Brain injury paralysis recovery is a lot more achievable than you might expect.
In today’s article, we’ll show you precisely what you need to do to recover from brain injury-related paralysis and regain control of your muscles.
Hope for Brain Injury Paralysis Recovery
Most people don’t realize that brain injury paralysis recovery is a real possibility.
Unlike other forms of paralysis, which result from severing the spinal cord, brain injury paralysis is caused by poor communication between your brain and muscles.
This means that if you can restore mind-muscle connection, then you will regain control of your movement! But if that’s true, why don’t more people know about it?
It’s partly because doctors tend to err on the side of caution and like to prepare their patients for the worst-case scenario. Unfortunately, this leads to limiting beliefs and self-fulfilling prophecies.
In other words, because some patients don’t know that paralysis actually is treatable, they don’t take any steps to overcome it.
So how do you break free of this destructive cycle and recover from TBI paralysis?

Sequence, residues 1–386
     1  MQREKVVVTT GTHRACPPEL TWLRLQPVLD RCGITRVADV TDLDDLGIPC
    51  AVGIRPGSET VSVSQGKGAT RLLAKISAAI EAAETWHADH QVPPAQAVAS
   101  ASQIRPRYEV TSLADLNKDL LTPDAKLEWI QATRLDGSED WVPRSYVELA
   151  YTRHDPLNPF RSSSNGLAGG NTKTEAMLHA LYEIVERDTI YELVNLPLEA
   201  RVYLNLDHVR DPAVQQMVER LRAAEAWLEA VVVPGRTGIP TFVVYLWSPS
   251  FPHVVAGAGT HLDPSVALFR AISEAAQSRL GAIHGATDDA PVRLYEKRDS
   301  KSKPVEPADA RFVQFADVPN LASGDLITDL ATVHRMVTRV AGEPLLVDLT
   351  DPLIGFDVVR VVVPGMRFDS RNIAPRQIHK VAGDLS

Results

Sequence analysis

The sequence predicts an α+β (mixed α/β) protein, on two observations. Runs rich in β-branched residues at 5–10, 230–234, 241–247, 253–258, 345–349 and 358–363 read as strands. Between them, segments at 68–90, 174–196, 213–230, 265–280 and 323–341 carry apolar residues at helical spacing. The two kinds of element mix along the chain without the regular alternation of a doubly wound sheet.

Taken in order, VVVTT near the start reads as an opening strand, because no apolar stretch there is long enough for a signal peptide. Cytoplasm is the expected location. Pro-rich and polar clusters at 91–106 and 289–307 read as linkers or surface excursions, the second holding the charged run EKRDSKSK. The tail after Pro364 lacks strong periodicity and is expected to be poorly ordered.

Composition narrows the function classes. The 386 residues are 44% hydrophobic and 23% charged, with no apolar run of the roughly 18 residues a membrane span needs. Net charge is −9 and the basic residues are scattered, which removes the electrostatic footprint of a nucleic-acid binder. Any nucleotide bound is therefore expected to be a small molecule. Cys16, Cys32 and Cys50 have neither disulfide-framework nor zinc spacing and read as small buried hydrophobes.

The first thing you need to do is change your perspective.
Our beliefs really do affect our actions. If you assume that nothing you do will help your paralysis, you won’t make the most out of your treatment and are less likely to see results.
But if you believe you can regain muscle control after brain injury (which studies have shown is true!), this will motivate you to work as hard as you need to overcome brain injury paralysis.
After you get into the right mindset, then you can begin your brain injury paralysis recovery.
And you’ll do that by activating neuroplasticity.
How Neuroplasticity Helps with Brain Injury Paralysis Recovery
Neuroplasticity refers to the mechanism your brain uses to reorganize nerve cells and form new neural pathways.
These new neural pathways then allow healthy, undamaged portions of the brain to take over control from damaged areas.
Therefore, by engaging neuroplasticity, you’ll be able to create neural pathways between your brain and muscle and eliminate your paralysis!
But how exactly do you activate neuroplasticity?
Through lots and lots of repetition.